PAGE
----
Recently, a video of a mother in the Caribbean twin island nation of Trinidad and Tobago beating her 12-year old daughter went viral. It sparked much debate and online conversation about whether corporal punishment is necessary to discipline teens and whether such discipline should be broadcast to the world to see.
That type of video is not new, however:
- In Flint, Michigan this month, three adults were arrested after a video of them beating, slapping and yelling at an 11-year old boy was posted on Facebook. The mom’s boyfriend shot the video and posted it to shame the boy for pretending to be a gang member and having bad grades.
- Last month, a mother recorded her husband beating their 13-year old daughter with a belt after she went missing for 3 days and the girl’s Facebook page revealed she was spending time with boys. The video, shown on World Star Hip Hop, got over 350,000 views.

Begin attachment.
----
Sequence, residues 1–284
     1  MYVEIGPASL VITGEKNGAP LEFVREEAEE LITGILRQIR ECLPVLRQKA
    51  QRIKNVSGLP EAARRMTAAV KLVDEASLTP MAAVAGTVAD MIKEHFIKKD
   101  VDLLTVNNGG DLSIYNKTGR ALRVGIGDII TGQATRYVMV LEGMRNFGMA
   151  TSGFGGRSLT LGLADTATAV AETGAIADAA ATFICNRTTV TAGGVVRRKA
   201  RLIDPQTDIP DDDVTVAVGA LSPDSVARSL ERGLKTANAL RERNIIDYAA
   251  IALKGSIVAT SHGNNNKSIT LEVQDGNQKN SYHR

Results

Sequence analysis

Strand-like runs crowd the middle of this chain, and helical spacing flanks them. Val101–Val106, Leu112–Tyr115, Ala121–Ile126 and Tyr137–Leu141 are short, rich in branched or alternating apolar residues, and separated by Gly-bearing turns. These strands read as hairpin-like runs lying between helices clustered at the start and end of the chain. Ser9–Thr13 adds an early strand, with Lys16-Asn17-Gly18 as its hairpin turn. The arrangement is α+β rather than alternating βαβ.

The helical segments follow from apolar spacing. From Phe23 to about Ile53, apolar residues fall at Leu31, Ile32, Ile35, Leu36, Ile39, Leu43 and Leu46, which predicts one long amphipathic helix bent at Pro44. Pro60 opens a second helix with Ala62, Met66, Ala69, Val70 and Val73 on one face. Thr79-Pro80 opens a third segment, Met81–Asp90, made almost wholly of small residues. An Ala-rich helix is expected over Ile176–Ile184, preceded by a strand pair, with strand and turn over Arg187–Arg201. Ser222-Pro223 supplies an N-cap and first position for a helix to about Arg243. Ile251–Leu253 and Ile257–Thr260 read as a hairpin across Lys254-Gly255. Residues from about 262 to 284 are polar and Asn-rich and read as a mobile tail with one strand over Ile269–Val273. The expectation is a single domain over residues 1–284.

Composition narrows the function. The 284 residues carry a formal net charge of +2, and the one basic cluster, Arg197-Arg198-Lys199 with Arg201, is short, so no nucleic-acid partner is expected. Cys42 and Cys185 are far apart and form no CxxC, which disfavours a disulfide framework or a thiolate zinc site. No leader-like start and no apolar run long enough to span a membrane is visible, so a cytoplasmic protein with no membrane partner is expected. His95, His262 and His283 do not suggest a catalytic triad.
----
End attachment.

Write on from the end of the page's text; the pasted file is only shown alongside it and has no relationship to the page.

- In 2012, a video of a sick mother beating her baby garnered close to 2 million views. Online petitions caused Malaysian police to arrest the woman.
- Also in 2012, a former official in California was sentenced and is serving three years probation after a neighbor shot the man, Anthony Sanchez, beating up his stepson while teaching him to catch a baseball. The neighbor posted the video on YouTube.
- That year as well, petitions from online directed a judge to make a decision in a custody over a couple’s daughter after a video of abuse with the mom beating the on went viral and got over 330,000 views on YouTube.